P. Murphy’

Our next visit was to the Widow Malony. Her farm consists of eighteen acres of stony mountain waste, of which two acres only can be put under tillage. The rent is £8, the valuation £5 10s. One son of the dead man is in America; but he has left three girls, aged sixteen, fourteen, and eight years old. The house is a rather comfortable one -its little attempts at improvement and convenience confirming, by their silent witness, the account given by the neighbours of John Malony’s character. They say that he was a good-living, industrious husband and father. I looked at the home, the fatherless children, and the widow sitting by the turf fire, and, as her eyes met mine, my heart swelled. I know how the heart bleeds when the eyes have that lonely look in them. I talked to her, but she took little heed till I happened to speak of ‘justice’; then there was a sudden flashing of fire into her eyes, as she said, ‘There is no justice for us.’ ‘But,’ I said, ‘if we could get the man who did it taken up, and tried and punished, would you not wish it?’ ‘No,’ she answered, slowly and calmly; ‘I forgive him for the Blessed Saviour’s sake.’ But I urged her still, telling her that out of regard for others, to prevent such things from being done, he should be tried in court; and I said, ‘Give me your authority to ask the people in England for justice in your name.’ Her face worked with an inward struggle, and she answered: ‘Yes, for the sake of other people there should be justice, but I forgive him.’ Before that bitter sorrow, mastered and subdued by Christian faith, I felt myself humbled and instructed. I could not say another word.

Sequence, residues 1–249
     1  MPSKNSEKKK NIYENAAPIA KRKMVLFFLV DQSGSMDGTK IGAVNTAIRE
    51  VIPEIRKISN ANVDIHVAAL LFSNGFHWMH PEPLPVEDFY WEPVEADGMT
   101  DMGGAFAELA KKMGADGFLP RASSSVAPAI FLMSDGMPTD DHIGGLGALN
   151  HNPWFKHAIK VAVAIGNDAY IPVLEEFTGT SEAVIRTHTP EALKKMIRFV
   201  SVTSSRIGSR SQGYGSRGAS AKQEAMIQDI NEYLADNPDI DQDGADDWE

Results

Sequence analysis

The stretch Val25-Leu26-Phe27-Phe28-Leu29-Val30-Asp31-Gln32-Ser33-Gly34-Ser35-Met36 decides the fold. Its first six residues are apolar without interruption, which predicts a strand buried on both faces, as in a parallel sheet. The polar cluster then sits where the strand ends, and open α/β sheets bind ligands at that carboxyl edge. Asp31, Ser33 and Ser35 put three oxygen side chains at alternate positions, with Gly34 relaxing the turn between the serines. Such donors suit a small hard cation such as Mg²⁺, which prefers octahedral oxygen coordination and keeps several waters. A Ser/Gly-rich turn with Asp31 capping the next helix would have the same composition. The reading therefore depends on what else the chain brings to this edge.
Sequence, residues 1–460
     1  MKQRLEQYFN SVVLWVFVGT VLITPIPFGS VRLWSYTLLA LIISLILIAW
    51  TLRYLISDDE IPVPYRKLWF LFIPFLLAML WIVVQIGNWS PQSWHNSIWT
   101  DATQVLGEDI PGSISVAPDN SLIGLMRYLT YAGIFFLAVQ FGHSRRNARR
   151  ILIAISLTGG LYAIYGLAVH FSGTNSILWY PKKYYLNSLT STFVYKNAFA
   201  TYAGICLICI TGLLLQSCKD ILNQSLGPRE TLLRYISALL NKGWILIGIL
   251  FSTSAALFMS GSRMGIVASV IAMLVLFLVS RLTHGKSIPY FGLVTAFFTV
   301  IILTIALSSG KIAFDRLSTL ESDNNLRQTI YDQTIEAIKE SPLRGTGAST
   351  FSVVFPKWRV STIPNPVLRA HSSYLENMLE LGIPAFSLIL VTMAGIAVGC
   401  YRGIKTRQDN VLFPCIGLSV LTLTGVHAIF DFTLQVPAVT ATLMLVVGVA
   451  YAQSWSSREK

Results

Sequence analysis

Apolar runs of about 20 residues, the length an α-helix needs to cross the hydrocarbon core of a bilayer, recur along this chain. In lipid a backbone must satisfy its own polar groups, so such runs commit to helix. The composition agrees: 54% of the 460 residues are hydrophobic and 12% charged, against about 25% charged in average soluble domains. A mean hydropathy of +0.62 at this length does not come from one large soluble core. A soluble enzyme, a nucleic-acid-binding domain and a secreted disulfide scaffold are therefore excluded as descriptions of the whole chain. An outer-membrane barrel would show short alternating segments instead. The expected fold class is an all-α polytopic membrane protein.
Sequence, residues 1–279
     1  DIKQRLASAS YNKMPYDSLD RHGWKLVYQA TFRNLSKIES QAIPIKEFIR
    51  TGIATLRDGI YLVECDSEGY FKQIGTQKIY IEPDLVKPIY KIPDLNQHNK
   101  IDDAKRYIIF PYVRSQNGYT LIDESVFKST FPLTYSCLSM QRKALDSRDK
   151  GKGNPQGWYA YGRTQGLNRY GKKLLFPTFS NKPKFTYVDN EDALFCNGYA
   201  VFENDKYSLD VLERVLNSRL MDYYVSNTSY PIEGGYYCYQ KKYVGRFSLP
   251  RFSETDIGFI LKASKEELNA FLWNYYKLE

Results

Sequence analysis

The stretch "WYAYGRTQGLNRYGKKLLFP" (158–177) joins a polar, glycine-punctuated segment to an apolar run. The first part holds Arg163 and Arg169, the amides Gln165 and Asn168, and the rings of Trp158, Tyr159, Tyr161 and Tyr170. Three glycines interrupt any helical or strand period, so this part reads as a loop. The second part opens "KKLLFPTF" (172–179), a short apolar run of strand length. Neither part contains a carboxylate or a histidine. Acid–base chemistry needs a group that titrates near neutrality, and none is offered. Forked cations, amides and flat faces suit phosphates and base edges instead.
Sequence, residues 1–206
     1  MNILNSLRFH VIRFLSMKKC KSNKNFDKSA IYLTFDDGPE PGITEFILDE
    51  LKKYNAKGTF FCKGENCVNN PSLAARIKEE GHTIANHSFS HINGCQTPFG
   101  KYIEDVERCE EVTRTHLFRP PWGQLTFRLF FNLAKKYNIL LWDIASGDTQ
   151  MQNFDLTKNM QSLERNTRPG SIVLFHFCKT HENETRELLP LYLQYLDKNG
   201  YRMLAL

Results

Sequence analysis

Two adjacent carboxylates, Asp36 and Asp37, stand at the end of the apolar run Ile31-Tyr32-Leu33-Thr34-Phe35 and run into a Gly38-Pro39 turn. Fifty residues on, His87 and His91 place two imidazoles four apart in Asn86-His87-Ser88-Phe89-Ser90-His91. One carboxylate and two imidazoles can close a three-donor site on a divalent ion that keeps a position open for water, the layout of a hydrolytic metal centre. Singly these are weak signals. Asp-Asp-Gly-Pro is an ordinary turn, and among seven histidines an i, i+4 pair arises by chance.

Extracts taken from Jessie Craigen, Report on a visit to Ireland in the Summer of 1881 (Dublin 1882), pp 48-56.

Disturbed Clare, 1880
Bernard Becker


Clare Under Coercion, 1888
William Hurlbert